John
    Reply
  • randinspace - Tuesday, February 21, 2012 - link

    All the "power smartphone users" I've known in my life either rely upon speaker phone if their environment isn't prohibitive to it (a personal office or house call vs. cubicles in the middle of a call center), or headsets (bluetooth in particular, conversely it's been my experience that people who don't really need it will bitch about products that don't support it because they can easily imagine usage scenarios) if it is, and tend to be unnaturally proficient at doing tasks on their phone while talking away. Either way these people who permanently have their phones in their hands and headsets latched onto their ear could care less about how ridiculous they look and would simply relish the larger screen's increased productivity.

    On the other hand such people run down their batteries almost as fast as they run down their Starbucks, so Samsung did a really smart thing and included a high capacity removable battery (to a slightly lesser extent they nailed it with the Galaxy Nexus LTE too), whereas LG's integrated yet still lower capacity battery (compared to say the Droid Razr MAXX from the chart) is going to automatically turn their perspective audience away regardless of what it actually ends out capable of.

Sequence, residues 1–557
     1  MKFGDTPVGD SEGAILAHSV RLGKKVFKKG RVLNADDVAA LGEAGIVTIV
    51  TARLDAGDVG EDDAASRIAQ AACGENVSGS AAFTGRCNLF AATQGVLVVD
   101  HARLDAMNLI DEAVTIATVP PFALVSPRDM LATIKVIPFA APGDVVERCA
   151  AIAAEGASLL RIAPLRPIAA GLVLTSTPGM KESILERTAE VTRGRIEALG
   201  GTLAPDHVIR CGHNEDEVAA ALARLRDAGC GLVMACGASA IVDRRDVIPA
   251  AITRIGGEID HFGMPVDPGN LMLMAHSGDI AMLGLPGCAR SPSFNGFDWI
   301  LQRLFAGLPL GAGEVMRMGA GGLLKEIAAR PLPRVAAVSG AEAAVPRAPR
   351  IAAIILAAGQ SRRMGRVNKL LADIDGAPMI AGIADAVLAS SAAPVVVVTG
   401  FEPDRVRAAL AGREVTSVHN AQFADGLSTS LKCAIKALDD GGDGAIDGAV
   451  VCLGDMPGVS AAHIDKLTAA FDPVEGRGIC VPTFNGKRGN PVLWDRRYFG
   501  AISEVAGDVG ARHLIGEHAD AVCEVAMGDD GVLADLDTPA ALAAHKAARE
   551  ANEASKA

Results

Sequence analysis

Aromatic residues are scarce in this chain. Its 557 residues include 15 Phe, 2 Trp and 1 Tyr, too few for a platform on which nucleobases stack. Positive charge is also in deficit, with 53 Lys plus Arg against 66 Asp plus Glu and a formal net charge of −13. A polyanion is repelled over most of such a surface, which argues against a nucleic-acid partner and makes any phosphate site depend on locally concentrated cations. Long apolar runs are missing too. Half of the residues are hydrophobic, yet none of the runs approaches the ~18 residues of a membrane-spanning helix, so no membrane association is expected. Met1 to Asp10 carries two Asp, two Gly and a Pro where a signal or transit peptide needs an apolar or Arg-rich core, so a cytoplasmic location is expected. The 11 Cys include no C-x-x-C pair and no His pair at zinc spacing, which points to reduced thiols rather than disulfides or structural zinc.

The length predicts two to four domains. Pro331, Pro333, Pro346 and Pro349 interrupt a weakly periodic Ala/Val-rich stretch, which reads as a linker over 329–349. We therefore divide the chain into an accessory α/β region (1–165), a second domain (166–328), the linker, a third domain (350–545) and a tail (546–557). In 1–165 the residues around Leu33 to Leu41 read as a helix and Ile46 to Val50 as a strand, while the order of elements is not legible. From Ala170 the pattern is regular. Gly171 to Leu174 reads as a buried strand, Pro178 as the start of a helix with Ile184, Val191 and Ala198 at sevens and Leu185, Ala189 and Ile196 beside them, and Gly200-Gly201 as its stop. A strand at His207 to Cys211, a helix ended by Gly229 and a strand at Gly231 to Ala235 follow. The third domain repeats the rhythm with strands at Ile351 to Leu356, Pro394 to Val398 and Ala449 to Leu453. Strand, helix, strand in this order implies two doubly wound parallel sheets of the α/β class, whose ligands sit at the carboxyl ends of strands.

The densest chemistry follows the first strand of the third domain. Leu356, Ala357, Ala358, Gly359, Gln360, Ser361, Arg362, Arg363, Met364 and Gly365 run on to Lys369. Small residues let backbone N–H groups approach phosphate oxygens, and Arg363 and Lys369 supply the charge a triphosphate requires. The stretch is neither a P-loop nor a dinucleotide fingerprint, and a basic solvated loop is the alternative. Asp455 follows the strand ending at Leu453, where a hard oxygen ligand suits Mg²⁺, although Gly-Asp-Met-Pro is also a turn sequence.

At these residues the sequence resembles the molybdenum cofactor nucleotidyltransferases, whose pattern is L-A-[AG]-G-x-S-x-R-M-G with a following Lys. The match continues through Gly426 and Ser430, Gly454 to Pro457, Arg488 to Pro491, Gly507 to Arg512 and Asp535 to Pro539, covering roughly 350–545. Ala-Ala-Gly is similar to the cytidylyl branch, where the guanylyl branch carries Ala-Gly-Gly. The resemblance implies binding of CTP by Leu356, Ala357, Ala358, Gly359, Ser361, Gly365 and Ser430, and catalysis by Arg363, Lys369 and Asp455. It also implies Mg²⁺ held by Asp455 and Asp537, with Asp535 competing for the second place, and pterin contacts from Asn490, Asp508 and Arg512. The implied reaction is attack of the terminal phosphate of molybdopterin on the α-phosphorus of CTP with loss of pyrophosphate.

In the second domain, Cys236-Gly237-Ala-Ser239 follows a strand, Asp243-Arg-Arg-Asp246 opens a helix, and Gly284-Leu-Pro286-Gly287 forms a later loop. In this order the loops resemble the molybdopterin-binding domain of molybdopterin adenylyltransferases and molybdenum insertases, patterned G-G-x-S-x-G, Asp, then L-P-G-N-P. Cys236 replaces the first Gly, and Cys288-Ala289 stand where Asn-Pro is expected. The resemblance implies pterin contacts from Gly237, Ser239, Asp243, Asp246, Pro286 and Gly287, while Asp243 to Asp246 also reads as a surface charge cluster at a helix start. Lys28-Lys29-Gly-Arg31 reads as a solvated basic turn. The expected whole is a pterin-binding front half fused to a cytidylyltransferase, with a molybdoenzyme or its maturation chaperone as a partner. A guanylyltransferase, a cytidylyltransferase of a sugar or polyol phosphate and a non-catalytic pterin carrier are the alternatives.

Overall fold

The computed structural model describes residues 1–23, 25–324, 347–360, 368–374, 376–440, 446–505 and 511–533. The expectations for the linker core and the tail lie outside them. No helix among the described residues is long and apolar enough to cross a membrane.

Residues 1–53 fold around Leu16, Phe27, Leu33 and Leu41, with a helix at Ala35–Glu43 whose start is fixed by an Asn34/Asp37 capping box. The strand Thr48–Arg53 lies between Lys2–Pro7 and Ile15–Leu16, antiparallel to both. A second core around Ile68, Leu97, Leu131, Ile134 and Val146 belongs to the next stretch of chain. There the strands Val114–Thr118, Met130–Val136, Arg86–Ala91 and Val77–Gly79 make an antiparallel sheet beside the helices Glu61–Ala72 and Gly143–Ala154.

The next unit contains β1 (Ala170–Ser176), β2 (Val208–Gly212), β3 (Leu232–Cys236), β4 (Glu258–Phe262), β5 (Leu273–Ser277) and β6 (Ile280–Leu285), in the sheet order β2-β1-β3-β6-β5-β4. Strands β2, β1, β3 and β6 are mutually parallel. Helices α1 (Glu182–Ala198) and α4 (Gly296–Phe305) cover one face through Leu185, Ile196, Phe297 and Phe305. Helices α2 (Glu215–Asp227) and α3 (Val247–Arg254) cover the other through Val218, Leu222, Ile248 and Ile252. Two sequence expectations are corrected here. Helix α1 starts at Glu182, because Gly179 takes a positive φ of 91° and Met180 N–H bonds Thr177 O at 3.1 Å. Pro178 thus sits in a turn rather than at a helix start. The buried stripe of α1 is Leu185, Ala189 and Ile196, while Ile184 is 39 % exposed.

As a side note, I agree with the presently circulating opinion that if Microsoft ever gets their act together they're in the best position to capitalize not only on this market of personal users, but even more so with professionals since I can easily imagine the guy who came out to repair my internet connection ditching his company provided blackberry and netbook for either a single device running windows which is synched up to a workstation SOMEWHERE, or a windows phone AND slate/tablet which are (what M$ is really hoping for). In theory Apple could do the same thing if they were willing to burn a LOT of cash to repair their reputation among IT guys since they're the ones who are closest to a unified platform, and god knows Google wants to have a monopoly on everything, but whether deserved or not (I think it is) people just have more faith in Microsoft... which is another topic, I'm sure.
    Reply